Rep. Chris Collins says the shooting of fellow Republicans at a congressional baseball practice Wednesday morning is "a sobering wake-up call." He says as President Donald Trump's "number one surrogate" in Washington, he plans to take added precautions at public gatherings.
"I have a carry permit and I can tell you from now on it's going to be in my pocket and not in my glove box. This is a sign of the times and it's just so sad that it's come to this. We all need to look in the mirror and see if it's rhetoric and tone that needs to be shifted and agree to disagree in a more respectful tone," Collins told WBFO.
Collins says he is thankful House Majority Whip Steve Scalise travels with a police detail who stopped the shooter, who died of his injuries.
"Even when I'm back in the district, we're going to have to err significantly on the side of caution for both ourselves, our staff, and even spectators, because they would be the innocent ones just watching," he added.
He says his thoughts and prayers are with Scalise and the others who were injured. Scalise was in critical condition as of Wednesday afternoon.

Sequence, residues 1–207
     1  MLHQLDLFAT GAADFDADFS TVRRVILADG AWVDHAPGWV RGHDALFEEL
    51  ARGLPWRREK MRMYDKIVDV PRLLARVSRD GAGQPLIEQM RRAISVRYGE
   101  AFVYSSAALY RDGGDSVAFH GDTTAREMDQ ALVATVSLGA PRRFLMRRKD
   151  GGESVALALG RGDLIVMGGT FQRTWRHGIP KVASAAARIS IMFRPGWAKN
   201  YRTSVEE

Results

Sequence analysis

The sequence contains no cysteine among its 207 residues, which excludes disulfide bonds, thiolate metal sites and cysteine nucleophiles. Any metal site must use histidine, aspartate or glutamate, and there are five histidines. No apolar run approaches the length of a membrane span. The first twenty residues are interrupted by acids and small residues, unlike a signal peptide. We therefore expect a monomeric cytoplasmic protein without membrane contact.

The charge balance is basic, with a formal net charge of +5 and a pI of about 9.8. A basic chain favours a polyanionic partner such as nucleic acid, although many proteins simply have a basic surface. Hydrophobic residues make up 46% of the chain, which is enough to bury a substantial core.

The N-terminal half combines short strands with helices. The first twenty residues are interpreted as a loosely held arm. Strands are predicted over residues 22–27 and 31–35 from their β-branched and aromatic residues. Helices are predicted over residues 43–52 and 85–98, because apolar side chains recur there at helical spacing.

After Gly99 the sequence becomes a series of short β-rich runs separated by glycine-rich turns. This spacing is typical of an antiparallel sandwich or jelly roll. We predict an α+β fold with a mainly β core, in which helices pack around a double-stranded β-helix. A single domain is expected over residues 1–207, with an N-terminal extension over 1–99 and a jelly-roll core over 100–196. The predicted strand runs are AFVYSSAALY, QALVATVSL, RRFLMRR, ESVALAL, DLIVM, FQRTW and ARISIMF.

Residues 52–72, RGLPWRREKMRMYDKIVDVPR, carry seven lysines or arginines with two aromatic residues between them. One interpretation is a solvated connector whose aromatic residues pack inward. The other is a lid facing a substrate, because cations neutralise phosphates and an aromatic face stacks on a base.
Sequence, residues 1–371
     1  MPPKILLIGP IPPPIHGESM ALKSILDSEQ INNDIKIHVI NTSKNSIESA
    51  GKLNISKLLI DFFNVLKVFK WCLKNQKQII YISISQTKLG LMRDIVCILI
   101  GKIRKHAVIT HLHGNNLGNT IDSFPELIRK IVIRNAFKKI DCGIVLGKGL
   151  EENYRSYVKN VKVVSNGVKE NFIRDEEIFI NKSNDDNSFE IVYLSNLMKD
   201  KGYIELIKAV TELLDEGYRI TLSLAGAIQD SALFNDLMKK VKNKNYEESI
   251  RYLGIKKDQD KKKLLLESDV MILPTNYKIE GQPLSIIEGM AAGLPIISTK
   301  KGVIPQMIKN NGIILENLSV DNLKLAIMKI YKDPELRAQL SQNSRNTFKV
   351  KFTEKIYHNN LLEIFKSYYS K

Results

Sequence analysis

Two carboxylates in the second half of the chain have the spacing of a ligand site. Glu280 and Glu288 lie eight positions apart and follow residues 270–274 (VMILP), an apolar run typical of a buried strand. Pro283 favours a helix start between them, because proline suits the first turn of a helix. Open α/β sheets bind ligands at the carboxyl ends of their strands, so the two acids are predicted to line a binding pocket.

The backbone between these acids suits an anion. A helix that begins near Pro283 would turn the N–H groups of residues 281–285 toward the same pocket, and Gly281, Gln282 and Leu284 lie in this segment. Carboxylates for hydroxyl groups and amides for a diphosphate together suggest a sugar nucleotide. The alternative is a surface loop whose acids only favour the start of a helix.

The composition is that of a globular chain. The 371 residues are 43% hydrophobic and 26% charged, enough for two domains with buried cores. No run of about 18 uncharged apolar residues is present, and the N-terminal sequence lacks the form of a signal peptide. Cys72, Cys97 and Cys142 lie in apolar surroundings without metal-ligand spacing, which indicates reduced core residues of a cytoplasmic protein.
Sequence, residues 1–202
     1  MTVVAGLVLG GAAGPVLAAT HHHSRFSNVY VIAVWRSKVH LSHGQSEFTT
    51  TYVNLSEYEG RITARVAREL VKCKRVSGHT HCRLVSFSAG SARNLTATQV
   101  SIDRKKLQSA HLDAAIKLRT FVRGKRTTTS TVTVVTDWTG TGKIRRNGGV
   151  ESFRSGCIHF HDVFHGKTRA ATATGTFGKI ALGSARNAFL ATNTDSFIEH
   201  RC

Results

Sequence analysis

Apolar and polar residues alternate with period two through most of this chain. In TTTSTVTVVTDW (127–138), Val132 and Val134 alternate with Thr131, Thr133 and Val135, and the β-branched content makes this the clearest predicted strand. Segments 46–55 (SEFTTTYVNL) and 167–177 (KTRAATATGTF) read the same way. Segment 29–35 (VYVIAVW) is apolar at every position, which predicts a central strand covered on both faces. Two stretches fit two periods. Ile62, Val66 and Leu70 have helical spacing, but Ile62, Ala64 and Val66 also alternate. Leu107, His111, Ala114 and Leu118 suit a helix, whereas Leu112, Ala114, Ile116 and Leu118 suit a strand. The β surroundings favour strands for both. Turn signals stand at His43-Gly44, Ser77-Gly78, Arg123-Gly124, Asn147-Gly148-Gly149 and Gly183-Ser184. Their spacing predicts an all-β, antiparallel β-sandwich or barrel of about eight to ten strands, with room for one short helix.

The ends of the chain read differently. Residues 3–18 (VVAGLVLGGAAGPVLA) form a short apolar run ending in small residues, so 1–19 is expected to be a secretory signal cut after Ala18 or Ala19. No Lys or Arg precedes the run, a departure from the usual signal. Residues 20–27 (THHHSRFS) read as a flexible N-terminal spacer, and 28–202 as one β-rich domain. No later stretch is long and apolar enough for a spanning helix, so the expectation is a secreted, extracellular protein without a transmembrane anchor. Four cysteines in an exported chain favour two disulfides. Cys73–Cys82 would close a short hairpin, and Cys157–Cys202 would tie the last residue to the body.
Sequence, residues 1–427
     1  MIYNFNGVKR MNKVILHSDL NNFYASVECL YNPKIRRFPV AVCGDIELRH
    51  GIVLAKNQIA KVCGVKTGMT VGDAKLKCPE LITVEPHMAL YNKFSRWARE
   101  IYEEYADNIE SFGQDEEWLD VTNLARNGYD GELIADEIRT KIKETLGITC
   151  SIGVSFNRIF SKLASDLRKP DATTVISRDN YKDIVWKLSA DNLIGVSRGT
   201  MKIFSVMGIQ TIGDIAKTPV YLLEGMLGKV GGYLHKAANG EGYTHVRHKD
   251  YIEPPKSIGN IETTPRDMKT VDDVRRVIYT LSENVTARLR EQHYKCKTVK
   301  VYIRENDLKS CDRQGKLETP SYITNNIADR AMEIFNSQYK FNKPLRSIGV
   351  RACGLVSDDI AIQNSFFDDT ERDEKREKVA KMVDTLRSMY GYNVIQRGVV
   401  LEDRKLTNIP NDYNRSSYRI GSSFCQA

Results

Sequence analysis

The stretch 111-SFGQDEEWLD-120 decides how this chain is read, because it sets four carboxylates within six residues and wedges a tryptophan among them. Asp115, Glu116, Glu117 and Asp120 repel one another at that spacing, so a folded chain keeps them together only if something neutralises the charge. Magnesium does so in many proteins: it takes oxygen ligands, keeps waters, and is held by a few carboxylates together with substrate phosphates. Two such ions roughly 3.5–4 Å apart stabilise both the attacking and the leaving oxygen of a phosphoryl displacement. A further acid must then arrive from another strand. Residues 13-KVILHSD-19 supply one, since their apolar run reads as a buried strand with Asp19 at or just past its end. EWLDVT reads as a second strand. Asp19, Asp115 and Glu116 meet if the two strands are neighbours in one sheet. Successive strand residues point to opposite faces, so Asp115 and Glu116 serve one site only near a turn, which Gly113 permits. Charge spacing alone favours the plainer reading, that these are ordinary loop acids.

Rep. Brian Higgins, a Buffalo Democrat, says he has no plans to change protocols for his own personal safety. He advised against overreaction, saying people who seek to do harm "win" when people feel they need to alter their regular behavior.
"We can't change our movements from day to day. We just have to be aware and be cautious about circumstances wherein there is the possibility for violence to occur," Higgins said.
Higgins said House Speaker Paul Ryan "set the right tone" in his comments following the shooting.
In a written statement, Rep. Tom Reed, a Corning Republican, said the police officers who were on the scene are heroes for stopping the shooter before the situation escalated even further.